Matusik: solving the housing crisis, revamping migration rules and a 2024 market prediction

Looking ahead to 2024 and rents and property prices are both expected to rise, but a deeper look into foreign property ownership rules, a tax system overhaul and a uniform national building code could transform the real estate landscape.

Crowded Australian airport check-in area.
Should all property sales be restricted to Australian passport holders? (Image source:

Well, it nearly Christmas again. Time does fly, especially as one gets older!

And at this time of year, it is somewhat common practice to provide a market wrap and a stab in the dark as to what is likely to happen next year.

So, let’s keep up that tradition.

Interest rates should ease

Bad decision by the RBA in November to raise rates if you ask me.

Inflation isn’t being driven by domestic consumption. It is rising due to geopolitical tensions, poor government policies and green/red tape.

For example, the latest clutch of housing construction rules adds up to $50,000 per new build depending on location and household type.

If domestic consumption was to blame, then why not do something meaningful, like placing the GST on all goods and services and raising the level of this consumption tax, say from 10 to 20 per cent, for six to 12 months at a time. 

Much has been said about the future direction of interest rates, with the RBA head Michele Bullock saying the data will decide where the cash rate goes in the future. For mine, and given the current state of play, the only statistic the RBA needs to monitor is real wages.

As to where the cash rate goes next, the financial market is thinking they are likely to remain steady for much of next year, with a slight chance of a fall.

To me, the RBA has gone too far, and by about 1 per cent, and I think the cash rate will fall by about this amount by the end of 2024.

Trusted economic indicators and especially of the job market, suggests Australia is heading for harder financial times over the coming years.

Big Australia

The Australian Bureau of Statistics (ABS) has released a new population forecast data set, calibrated from 2022, which suggests Australia’s population could grow between 3.7 million and 4.6 million people over the next decade.

This would see between 30.2 million and 31.2 million people call Australia home.

As at mid-2023, some 26.4 million people lived in Oz and by late November 2023 about 26.9 million live here.

Some 30 per cent of our population is born overseas. This will lift to 33 per cent by 2033. It was 27 per cent ten years ago.

Heaps of folks are calling for this growth to stop but without it we are stuffed economically.

What we need are immigrants of conviction, not convenience, and we should be much more selective as to who we allow in and critical when it comes to how they behave.

We can attract some of the best citizens in the world and we should try and do so.

This is how Australia’s population is currently growing:

  • one birth every 1 minutes and 42 seconds
  • one death every 2 minutes and 52 seconds
  • one person arriving to live in Australia every 42 seconds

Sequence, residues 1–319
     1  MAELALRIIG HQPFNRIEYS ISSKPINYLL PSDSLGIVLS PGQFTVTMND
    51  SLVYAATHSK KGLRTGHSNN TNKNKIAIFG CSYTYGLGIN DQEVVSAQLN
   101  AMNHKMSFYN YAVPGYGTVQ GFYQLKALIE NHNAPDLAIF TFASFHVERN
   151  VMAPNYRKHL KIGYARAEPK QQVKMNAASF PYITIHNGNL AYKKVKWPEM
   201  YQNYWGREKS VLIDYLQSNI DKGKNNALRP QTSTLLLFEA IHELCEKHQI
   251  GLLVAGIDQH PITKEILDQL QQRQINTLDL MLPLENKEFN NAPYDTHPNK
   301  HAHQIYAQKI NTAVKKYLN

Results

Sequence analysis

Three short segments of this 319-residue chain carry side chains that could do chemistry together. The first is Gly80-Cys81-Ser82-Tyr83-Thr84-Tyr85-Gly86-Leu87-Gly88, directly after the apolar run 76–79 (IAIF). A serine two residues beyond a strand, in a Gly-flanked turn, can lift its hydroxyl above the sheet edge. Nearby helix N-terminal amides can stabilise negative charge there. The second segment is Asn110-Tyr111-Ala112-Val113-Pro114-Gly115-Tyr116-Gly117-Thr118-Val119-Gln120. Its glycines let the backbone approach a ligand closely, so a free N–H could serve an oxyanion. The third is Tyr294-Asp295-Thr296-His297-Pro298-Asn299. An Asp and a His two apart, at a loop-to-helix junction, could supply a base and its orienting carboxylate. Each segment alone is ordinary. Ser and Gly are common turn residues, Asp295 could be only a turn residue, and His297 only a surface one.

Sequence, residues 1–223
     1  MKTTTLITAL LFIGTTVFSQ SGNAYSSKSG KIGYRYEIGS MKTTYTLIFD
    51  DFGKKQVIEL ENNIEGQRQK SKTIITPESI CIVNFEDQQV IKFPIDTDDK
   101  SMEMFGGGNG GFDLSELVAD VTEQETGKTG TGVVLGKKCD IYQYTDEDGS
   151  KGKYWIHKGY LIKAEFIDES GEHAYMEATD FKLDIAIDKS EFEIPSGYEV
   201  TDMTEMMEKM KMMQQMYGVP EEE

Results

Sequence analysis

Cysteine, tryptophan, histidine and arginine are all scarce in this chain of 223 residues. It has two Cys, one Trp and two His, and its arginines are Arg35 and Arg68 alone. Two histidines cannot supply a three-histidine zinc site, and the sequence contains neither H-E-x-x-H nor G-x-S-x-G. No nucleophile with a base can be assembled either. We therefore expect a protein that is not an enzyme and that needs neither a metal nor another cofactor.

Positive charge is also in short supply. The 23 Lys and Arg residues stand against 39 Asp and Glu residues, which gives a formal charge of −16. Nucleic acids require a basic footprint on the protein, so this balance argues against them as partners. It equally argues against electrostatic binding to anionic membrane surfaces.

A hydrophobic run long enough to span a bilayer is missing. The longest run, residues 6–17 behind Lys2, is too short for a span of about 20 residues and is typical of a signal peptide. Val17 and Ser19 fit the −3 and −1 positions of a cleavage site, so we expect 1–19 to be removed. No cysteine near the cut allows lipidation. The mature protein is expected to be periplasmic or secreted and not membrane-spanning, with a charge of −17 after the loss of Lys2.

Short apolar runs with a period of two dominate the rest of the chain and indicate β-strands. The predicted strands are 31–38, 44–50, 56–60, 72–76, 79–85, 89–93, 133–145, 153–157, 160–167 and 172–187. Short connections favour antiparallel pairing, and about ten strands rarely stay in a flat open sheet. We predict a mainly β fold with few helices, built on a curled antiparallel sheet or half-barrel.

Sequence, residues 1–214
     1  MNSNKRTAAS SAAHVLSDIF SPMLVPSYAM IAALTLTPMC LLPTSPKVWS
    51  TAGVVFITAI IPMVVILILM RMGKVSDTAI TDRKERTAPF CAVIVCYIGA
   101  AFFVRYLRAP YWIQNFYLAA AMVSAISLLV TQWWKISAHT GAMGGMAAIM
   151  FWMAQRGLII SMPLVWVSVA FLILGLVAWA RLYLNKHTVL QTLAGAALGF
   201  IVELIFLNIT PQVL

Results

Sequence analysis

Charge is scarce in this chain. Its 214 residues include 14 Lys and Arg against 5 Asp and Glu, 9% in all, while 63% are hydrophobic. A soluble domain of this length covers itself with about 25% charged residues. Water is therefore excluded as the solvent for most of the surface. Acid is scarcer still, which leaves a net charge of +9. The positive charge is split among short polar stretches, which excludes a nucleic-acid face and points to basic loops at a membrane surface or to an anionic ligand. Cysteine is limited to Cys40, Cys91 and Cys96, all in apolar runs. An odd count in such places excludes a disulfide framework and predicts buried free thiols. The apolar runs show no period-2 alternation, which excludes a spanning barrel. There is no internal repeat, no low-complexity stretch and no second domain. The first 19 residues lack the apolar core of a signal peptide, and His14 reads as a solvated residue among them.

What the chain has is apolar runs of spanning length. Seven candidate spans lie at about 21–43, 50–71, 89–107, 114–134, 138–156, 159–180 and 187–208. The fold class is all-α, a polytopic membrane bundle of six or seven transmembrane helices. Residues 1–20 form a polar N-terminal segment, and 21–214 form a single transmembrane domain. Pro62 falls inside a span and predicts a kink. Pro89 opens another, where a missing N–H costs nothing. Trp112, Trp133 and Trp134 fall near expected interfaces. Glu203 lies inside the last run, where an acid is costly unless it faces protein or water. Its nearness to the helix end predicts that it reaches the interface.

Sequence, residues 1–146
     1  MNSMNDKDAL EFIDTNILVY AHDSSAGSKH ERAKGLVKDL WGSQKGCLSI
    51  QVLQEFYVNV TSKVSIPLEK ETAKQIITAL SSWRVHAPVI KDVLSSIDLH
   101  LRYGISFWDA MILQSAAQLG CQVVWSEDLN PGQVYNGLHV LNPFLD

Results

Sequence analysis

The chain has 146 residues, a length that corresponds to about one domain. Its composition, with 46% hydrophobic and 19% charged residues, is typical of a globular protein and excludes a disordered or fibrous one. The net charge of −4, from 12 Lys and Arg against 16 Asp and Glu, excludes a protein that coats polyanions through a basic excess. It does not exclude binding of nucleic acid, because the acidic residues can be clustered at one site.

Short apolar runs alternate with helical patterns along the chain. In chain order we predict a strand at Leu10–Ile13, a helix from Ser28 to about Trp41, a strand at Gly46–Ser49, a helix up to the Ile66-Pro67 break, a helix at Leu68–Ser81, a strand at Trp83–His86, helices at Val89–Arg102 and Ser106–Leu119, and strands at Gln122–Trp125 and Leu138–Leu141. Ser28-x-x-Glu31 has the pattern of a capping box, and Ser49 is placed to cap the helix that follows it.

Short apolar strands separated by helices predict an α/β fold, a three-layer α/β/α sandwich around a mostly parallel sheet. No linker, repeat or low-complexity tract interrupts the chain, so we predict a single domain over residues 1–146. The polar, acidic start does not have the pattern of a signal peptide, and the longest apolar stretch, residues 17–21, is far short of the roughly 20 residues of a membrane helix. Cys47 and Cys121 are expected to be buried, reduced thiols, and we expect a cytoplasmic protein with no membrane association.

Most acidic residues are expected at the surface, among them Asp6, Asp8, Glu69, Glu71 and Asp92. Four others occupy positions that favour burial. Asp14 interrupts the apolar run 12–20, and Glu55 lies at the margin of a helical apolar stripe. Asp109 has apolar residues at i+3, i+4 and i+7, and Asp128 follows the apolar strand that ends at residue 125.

• one Australian resident leaving to live overseas every 2 minutes and 30 seconds
  • an overall total population increase of one person every 47 seconds.

Solving the housing crisis

I don’t know about you, but I have grown tired of this general conversation.

Chart 3 shows that the rental vacancy rate has been down before. It will, like in the past, bounce back.

Tenants are going to have to share, and we need to encourage (not just allow) more of the housing that the market can afford.

In short, this is the “missing middle,” which includes moveable dwellings plus backyard homes.

Land tenure also needs to change, and the town planning metric should be population per hectare not dwelling.

Also, home buying – for both new and old dwellings – again in my opinion, should only be allowed for those that hold an Australian passport.

The housing sector also needs major taxation reform, grandfathered, and including changes to stamp duties, infrastructure charges, negative gearing and capital gains tax, in concert with the implementation of a federal land tax.

We also need one building code, Australia wide, with climatic zonal differences.

New development applications, supported by the appropriate documentation, should be decided in three to six months, not years, let alone decades!

Unless we do this stuff, nothing meaningful will happen in this space.

The current federal and select state government largesse in the space will just inflate prices and see very few extra homes actually built.

Housing outlook: rising rents, continued undersupply

Real estate is all about supply and demand.

Demand (i.e., sales) is steady when compared to the past ten-year average, while supply (stock listed for sale) is down some 20 per cent against the long-term trend.

We also have an undersupply of rental stock and new builds.

Unless things go really pear-shaped then, for mine, Australian housing values and rents are likely to rise during 2024 and 2025.

Now inflation is likely to be stuck between 3 per cent and 4 per cent for some time, so there will not be a lot of real price growth.

Rents could rise between 5 per cent and 10 per cent per annum over the next couple of years, until the vacancy rate lifts above 2 per cent, which is another 18 months to two years away.

Ironically, in an increasing uncertain world, Aussies will likely invest even more strongly in real estate.

So next year, in particular, could be a strong one for Australian housing.

Merry Christmas

So, spend some time over the Christmas-New Year period with someone that matters. Do something you want to do. Smile, better still laugh. We are only here once.

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